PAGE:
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The Changing Face of the Peace Corps

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The Peace Corps has recently announced that, in order to increase its number of applicants, it will be making major changes to how the organization is run. Namely, the application process will be shorter and applicants will be given the ability to choose which country and program interests them.

Since the Peace Corps’ inception in 1961 by President Kennedy, the organization has drawn more than 215,000 volunteers who have served in 139 impoverished countries. Volunteers stay in their assigned country for two years where they work in a number of fields including education, health services and agriculture. As the premier international service organization in the U.S., almost everyone has heard of the Peace Corps and many aspire to volunteer with it one day.

However, the positive image of the Peace Corps has been tarnished in recent years due to some volunteers’ bad experiences, which have been shared online and seen by many.

The number of applicants, which peaked in 2009, has fallen by more than a third since. Previously, applications were 60 pages long and took more than eight hours to complete. After submitting an application, one might not hear back about an acceptance for more than a year. The new application supposedly takes less than one hour to complete and the organization is promising to reduce wait times to no more than six months.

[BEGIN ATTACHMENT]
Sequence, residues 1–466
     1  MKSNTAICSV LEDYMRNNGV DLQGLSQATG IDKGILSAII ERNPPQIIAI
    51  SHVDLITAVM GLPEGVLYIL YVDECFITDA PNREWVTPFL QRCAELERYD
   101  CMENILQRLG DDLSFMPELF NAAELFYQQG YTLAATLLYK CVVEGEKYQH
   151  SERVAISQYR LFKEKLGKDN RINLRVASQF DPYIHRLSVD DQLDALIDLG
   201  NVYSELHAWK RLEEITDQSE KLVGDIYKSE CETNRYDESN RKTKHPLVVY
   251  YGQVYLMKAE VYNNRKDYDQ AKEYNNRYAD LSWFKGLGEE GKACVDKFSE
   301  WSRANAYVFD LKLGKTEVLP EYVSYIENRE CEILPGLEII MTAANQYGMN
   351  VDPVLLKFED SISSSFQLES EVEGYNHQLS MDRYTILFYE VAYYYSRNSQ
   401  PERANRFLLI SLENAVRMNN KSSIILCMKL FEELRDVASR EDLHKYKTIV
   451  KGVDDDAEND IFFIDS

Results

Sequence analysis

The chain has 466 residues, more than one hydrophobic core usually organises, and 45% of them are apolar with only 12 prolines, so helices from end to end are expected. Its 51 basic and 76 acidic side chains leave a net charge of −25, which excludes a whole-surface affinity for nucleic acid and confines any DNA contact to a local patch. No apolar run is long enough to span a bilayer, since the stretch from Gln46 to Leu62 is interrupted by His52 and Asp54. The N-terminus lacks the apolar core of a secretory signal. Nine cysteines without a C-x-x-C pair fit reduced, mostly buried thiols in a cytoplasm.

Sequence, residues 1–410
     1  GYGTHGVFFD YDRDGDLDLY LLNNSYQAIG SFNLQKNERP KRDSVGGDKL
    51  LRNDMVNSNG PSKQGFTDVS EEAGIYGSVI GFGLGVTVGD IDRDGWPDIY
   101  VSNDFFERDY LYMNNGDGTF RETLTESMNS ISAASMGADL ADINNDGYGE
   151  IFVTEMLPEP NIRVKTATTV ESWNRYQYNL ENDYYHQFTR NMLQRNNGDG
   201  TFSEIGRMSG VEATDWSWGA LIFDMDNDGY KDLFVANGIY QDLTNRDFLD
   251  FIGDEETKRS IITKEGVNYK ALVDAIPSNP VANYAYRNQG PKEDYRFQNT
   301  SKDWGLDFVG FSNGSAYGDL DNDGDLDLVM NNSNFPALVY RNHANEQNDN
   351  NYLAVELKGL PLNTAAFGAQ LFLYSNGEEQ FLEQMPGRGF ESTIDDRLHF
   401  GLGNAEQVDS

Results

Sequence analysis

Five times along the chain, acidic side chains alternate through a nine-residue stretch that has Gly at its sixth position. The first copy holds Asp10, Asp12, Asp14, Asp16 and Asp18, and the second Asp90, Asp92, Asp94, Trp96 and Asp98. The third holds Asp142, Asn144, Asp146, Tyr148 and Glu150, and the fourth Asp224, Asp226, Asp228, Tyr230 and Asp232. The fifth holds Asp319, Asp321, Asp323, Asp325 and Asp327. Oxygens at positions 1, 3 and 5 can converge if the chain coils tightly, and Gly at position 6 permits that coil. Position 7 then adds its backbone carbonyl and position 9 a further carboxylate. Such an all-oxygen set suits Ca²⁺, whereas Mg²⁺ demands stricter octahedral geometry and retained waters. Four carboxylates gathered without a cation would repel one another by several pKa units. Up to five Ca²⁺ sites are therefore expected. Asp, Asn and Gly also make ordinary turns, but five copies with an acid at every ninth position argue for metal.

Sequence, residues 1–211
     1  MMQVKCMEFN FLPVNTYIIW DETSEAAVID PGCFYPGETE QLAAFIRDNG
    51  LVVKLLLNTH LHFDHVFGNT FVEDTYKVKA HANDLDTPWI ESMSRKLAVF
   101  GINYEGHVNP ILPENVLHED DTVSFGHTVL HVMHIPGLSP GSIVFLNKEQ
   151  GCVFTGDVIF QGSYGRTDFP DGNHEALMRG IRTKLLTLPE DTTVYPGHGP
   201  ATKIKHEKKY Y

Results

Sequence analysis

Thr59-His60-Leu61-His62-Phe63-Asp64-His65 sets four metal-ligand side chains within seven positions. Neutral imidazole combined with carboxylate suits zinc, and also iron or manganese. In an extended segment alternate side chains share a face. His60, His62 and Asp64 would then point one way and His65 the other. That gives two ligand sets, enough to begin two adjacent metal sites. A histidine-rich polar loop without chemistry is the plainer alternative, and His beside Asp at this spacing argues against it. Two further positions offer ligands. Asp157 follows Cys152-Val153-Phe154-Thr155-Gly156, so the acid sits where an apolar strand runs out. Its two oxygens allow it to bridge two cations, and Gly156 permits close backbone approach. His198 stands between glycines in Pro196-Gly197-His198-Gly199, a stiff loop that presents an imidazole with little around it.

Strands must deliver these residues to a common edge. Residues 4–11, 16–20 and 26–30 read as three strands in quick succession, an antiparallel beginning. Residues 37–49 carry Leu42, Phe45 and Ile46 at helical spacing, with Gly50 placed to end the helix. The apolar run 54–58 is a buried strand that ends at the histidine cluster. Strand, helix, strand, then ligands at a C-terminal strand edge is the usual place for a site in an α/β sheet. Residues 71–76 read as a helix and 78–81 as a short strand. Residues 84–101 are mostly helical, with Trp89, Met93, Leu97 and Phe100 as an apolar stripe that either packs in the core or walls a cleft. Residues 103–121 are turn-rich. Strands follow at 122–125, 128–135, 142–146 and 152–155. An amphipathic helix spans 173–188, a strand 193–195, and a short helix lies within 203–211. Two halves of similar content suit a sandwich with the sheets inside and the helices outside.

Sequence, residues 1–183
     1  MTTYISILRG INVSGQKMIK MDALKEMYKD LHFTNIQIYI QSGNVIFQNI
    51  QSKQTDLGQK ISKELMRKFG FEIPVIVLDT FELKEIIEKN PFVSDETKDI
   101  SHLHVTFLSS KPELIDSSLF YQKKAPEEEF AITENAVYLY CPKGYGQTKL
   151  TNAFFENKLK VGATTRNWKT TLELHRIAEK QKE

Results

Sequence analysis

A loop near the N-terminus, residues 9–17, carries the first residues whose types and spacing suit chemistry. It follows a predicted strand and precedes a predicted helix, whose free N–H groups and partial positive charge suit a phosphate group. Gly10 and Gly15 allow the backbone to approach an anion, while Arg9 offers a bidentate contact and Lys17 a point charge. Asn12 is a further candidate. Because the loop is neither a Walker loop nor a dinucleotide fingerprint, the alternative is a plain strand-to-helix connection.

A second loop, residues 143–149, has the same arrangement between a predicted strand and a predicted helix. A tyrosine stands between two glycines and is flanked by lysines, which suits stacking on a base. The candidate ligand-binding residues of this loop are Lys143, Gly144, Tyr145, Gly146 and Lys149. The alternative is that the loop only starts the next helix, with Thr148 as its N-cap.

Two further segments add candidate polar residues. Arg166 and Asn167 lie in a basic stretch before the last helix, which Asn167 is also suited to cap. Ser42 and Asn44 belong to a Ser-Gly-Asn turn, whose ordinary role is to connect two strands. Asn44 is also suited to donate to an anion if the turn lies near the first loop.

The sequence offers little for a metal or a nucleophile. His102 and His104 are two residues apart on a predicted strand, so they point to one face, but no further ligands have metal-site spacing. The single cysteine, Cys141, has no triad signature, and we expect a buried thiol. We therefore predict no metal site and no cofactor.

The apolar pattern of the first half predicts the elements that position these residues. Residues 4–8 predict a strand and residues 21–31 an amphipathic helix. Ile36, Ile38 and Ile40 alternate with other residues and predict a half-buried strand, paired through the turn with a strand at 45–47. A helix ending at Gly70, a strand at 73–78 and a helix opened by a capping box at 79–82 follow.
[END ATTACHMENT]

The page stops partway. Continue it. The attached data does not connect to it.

Additionally, applicants did not have the liberty to choose which country in which they wanted to serve. Countries and programs were assigned by the Peace Corps, sending people wherever they were needed most. The new model allows applicants to list countries and programs in order of preference. While this could lead to fewer volunteers in more dangerous countries, Peace Corps Director Carrie Hessler-Radelet says she is not worried about this, as many of the people who are drawn to the two-year long volunteer lifestyle are also intrigued by the more difficult areas and programs.

Unfortunately, the problems within the Peace Corps go deeper than the application process. Sixty-four percent of volunteers are women and in the past decade more than 1,000 of them have been raped or sexually assaulted while serving. Victims say that the Peace Corps did little to nothing to educate volunteers on self-defense, relocate volunteers who felt in danger or help victims after an attack. Many victims claim the Peace Corps blamed them for the assault and made attempts to cover up the incident.

While most volunteers have a positive experience serving for the Peace Corps, there is still a question of how safe the program actually is and what the organization can do to improve this. Women who have been raped or sexually assaulted say that the Peace Corps needs to address the issue and do all they can to help the women receive treatment for any physical and emotional damage. Hessler-Radelet, who is relatively new to her position as director, has agreed that the Peace Corps has a commitment to its volunteers and should be helping them.

Taylor Lovett

Sources: NPR, Peace Corps, ABC News
Photo: Peace Corps